(Updated (2014) alternate itinerary with Echo Bay at Sucia Island as 1st stop)
click here Sucia Trip Intinerary
This article is designed to get you going on that first boating/sailing trip to the San Juan Islands in Washington State.
|Our Livingston dinghy is nine feet long and a tad bit overloaded|
|This inflatable was $69 and holds two people|
|This inflatable stows on deck, or deflated stows below and carries three people.|
Having just returned from a 200 mile sweep around the San Juan's, I am fresh with observations and thoughts of how to improve the experience.
Everyone knows that dock space is first come first served and not to expect room for one more when you arrive. However, there is room for more if you try using some common sense. Somewhere in the mountain of state park dock rules and regs is the suggestion to locate boats close together. Spacing boats fifteen feet apart is not helpful and yet it is common. Tying ones dinghy to the float instead of rafting it is another obvious inconsiderate ploy that effectively exclude others. By the way, did they pay for the extra dinghy footage?
Speaking of dinghy's, many parks have designated dinghy docks but I see people with fifteen foot inflatables, complete with 50hp outboards, consoles, windshields and bimini's, side tied at the dinghy dock forcing real dinghy's to make do as best they can. What is really annoying is when you realize the offending dinghy belongs to the fifty five footer tied to the same float.
Speaking of bigger or smaller boats, a considerate skipper will let his longish bow area stick out beyond the end of the float so his fifty five feet only uses forty feet of dock. Stop! I know this trick is a bad idea in some locations and for some boats. Obviously, I'm not suggesting being foolish, I'm suggesting being thoughtful and considerate.
While we are talking considerate activities, how long is long enough or too long to run a generator? During my latest visit we were treated to a generator running for eight hour stretches. It was during the daytime and it was fairly quiet but come on, at least get off the dock and anchor out a ways. I was anchored out myself, it must have been no fun at all for the people close by.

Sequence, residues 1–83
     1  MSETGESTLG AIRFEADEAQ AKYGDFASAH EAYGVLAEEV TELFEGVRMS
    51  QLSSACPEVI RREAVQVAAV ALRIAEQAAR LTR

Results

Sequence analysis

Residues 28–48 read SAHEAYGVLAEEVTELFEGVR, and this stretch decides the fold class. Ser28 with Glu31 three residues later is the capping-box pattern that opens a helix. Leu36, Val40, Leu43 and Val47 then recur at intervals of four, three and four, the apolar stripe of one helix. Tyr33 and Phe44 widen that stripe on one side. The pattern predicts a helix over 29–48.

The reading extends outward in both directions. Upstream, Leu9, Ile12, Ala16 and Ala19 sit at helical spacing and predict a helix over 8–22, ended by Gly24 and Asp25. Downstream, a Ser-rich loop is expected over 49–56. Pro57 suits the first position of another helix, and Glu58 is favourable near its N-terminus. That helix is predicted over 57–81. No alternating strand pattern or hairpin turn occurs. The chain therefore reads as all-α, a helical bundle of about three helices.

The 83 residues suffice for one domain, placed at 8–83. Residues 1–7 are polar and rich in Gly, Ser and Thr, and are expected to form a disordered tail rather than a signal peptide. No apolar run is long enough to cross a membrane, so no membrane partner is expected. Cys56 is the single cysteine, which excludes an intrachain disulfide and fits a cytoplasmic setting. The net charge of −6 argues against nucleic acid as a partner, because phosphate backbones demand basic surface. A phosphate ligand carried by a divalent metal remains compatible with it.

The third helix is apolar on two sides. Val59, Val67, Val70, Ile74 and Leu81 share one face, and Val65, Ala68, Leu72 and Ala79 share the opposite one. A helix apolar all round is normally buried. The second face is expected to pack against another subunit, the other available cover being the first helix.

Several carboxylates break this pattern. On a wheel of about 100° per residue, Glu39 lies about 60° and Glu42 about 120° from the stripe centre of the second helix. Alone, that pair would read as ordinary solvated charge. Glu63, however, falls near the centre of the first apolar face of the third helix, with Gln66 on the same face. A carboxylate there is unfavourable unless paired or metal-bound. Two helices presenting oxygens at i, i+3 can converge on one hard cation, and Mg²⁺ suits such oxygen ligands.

I spend some of my non San Juan boating time around jet skis, water skiers, tubers, newbies, loud music and alcohol fueled people enjoying the water. As such, I expect close encounters, big wakes and general on water mayhem. But not in the San Juan's, the San Juan's attract an older more refined, mature crowd. We have miles of room to navigate, there is really no reason for close encounters. Jet skis are outlawed and proper boating is the norm. On this visit a thirty five footer at high speed overtook us and passed by so close they would have hit us if I had turned unexpectedly. I had no time to react, their wake rolled us so violently that one crew was thrown out of their seat and some of our belongings came crashing off shelves and out of cabinets breaking on the cabin sole. I regret I did not get a picture or name of the offending boat. I am not embarrassed that acting on reflex, I cussed them over the radio. Then after realizing in my haste I may not have keyed the mike, I did it again clearly to make sure they heard. I hope they heard me but my antenna was down with the inflatable on the roof so my range was greatly reduced. I apologize for may last paragraph, I'm still reeling when I think about the incident.
On an upnote, at Jones Island, as we were anchoring, a skipper at the float yelled over to us that he was leaving in a few minutes. We aborted lowering the hook and moved over, thank you very much.
Also at Jones, we thought we lost a cell phone, trail mix and passports in a drybag at our camp site, only to find it two days later where a racoon had stashed it in the bushes, unharmed but chewed on.